Banhadla Farm, Llangedwyn

Stephen and Sarah Suckley-Jones

Llangedwyn, England

Herd Type


Herd Size


Husband and wife team Stephen and Sarah Suckley-Jones farm the 162ha Banhadla Farm, Llangedwyn near Oswestry with Sarah’s father David. The farm is home to the 320 head Banhadla herd.

“We have found 320 is the right number of cows for the farm and buildings,” Sarah explains. “We have had as many as 350 but the extra cows disrupted cow flow and cause other pressure points in the buildings meaning whole herd performance was affected. With 320 we find the system works more smoothly.”

The TMR fed cows calve all year round with peaks in May and December. They are housed all year round with two main milking groups with cows moving from the high group when 140 days in milk and PD positive. Cows are PD tested and moved every fortnight.

In addition to the main groups, they have recently set up a fresh cow groups, where cows can stay for up to two weeks. Dry cows are kept in two groups.

The farm rears all its own replacements having been a closed herd for 20 years and they plan on bringing in 90 heifers per year. Heifers are served at 13 months old and are housed a month before service allowing observation of one reference heat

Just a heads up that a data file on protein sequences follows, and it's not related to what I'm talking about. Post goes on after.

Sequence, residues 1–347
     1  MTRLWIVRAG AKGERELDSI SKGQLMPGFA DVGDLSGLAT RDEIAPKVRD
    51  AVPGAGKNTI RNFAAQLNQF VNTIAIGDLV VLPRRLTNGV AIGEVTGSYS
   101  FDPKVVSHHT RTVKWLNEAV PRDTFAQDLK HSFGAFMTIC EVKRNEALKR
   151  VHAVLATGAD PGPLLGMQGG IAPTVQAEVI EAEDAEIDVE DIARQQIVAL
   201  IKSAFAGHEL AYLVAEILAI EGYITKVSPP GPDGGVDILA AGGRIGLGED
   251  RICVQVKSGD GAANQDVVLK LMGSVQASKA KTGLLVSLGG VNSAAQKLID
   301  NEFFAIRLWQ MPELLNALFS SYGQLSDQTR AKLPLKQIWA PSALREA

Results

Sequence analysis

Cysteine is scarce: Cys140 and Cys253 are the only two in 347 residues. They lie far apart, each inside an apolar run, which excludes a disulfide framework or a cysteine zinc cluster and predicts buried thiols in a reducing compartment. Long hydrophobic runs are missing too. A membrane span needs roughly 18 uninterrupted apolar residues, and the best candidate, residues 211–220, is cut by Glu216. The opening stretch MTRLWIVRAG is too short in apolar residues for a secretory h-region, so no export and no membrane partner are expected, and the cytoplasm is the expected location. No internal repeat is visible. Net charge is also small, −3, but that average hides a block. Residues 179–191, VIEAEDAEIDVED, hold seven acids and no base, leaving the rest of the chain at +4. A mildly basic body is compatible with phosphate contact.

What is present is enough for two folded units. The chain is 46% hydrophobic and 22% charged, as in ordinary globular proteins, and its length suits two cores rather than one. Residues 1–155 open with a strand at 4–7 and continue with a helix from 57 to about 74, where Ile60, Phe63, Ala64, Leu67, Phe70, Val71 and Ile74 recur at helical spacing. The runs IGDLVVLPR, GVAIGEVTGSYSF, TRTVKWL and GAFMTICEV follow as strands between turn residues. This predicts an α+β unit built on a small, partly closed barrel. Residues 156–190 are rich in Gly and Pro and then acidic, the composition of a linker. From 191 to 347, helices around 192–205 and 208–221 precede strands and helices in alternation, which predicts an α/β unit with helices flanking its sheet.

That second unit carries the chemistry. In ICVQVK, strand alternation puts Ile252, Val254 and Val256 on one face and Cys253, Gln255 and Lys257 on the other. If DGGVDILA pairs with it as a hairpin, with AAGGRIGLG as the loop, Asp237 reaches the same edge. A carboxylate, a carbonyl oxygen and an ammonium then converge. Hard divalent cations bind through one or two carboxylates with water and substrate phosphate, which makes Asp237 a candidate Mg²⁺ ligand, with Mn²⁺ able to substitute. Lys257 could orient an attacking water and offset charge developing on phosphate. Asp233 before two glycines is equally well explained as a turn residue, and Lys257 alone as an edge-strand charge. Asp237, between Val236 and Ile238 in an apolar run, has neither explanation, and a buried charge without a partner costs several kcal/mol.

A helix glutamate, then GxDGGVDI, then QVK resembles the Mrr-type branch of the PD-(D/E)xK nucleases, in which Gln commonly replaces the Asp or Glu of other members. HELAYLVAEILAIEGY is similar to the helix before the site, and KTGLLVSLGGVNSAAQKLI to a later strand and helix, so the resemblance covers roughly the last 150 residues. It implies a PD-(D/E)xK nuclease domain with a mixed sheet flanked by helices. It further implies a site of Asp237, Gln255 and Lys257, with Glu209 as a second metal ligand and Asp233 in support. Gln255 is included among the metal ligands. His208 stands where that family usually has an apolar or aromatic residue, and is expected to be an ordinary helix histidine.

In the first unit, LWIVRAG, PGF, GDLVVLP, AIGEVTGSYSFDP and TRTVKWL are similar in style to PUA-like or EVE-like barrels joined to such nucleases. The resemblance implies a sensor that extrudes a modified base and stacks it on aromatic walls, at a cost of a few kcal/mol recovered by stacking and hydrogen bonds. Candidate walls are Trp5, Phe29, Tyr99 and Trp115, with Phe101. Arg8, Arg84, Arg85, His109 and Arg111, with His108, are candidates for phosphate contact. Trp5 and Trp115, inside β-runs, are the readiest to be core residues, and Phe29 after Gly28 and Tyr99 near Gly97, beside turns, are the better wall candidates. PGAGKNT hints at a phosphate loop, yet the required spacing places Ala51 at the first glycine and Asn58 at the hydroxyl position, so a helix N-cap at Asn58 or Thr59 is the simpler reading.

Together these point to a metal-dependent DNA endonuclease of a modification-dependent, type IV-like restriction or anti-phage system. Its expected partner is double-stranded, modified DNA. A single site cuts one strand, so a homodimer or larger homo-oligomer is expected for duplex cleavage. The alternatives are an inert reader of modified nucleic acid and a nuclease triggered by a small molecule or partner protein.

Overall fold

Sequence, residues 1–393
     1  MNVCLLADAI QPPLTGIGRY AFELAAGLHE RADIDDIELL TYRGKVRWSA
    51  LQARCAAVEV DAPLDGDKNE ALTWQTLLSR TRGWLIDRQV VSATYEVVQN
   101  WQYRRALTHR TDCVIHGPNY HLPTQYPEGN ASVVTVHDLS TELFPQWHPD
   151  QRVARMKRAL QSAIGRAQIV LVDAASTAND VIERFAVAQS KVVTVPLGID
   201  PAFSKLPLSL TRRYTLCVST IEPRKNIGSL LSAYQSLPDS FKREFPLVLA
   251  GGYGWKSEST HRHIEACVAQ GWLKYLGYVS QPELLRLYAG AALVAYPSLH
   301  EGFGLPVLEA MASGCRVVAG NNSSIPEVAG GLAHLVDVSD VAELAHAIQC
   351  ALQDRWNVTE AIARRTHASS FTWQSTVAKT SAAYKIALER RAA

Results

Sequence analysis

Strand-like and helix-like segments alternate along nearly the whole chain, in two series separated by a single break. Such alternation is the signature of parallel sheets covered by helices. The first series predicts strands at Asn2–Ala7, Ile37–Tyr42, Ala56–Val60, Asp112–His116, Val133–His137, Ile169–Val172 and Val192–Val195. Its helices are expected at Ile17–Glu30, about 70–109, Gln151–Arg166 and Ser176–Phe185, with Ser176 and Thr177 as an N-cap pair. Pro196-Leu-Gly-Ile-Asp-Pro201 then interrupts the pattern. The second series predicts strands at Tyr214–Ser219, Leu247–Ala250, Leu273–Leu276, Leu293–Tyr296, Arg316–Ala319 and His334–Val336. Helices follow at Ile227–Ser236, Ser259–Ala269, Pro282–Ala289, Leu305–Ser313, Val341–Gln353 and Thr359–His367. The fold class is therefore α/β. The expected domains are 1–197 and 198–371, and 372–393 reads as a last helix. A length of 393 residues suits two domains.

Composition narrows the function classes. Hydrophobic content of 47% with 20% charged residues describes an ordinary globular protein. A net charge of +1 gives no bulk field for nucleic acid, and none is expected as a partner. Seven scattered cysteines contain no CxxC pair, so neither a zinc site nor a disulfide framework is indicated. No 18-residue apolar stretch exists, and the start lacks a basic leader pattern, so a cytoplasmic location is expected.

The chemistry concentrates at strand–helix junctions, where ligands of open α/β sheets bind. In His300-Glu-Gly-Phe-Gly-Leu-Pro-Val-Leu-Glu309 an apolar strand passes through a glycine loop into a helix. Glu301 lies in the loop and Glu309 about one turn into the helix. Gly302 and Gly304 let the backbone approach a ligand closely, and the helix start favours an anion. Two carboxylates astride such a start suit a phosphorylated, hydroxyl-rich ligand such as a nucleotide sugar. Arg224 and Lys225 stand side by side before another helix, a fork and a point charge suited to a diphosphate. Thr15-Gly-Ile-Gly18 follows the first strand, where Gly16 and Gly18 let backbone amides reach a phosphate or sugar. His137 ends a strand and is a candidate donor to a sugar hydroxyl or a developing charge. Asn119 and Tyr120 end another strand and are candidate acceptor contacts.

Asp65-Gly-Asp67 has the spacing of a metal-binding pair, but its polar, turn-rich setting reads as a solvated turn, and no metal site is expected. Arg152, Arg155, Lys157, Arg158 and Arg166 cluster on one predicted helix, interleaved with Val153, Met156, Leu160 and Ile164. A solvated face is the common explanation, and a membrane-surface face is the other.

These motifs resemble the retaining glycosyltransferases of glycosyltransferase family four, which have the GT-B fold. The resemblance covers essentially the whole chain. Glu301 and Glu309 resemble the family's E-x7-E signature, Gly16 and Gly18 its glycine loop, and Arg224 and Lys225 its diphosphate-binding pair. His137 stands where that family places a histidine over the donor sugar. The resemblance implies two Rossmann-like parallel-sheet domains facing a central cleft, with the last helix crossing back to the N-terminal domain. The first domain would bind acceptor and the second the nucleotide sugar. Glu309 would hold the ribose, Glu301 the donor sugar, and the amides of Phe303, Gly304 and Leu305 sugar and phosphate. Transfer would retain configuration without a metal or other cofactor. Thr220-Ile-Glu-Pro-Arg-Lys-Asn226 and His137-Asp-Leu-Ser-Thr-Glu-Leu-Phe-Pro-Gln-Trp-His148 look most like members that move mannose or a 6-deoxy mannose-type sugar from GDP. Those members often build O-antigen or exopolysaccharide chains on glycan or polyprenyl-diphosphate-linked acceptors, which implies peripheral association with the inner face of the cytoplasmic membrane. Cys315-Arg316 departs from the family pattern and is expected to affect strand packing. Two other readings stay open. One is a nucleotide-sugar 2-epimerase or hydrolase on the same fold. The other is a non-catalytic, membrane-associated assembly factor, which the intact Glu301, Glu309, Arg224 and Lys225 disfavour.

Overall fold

The focus is now on efficiency. Yields are moving towards 10,000 litres per cow at 4.45% fat and 3.4% protein and they are pushing to increase yields. One change which is having a big impact here is feeding the same TMR to all the cows. “We used to cut the blend back quite hard when cows moved from the highs to lows but we found this hit yields so now we leave it the same and yields have held well.”

Key to their planning is breeding the cow best suited to the system with a target of a good balanced cow.

“We want to breed to help reduce potential problems,” Sarah continues. “Big cows don’t fit our buildings, so we have never gone for extreme bulls. As well as stature and production, we have looked at legs and feet, udder attachment, daughter fertility and calving ease.

“We had tried cross-breeding in the past, looking to Swedish Reds and Jerseys to help improve butterfats.”

To improve the precision of their breeding selection, they now use Genus ABS Genetic Management System (GMS) working closely with Genus ABS Sales Advisor, Geraint Windsor who says that individual cow matching has made a big difference.

“Strategically, Sarah and Stephen know where they are going, and GMS helps make the journey more effective,” Geraint explains. “We rank all cows and heifers annually on genetic merit and can them choose appropriate sires to reduce the risk of inbreeding and recessive diseases, while producing the type of cow to suit the system.
“GMS has allowed us to increase selection intensity and ensure than replacement heifers are bred from the best maiden heifers and first lactation animals.”

The target is to produce 90 heifers a year calving in at two years old to keep a close handle on rearing costs and to release time for other activities. The herd has been a closed herd for 20 years, so to help maintain this status the target heifers are based on a 25% replacement rate with a small contingency. Culls are mainly culled on conformation and lameness. Red Johnes cows are barrened out along with any cow still open after seven services.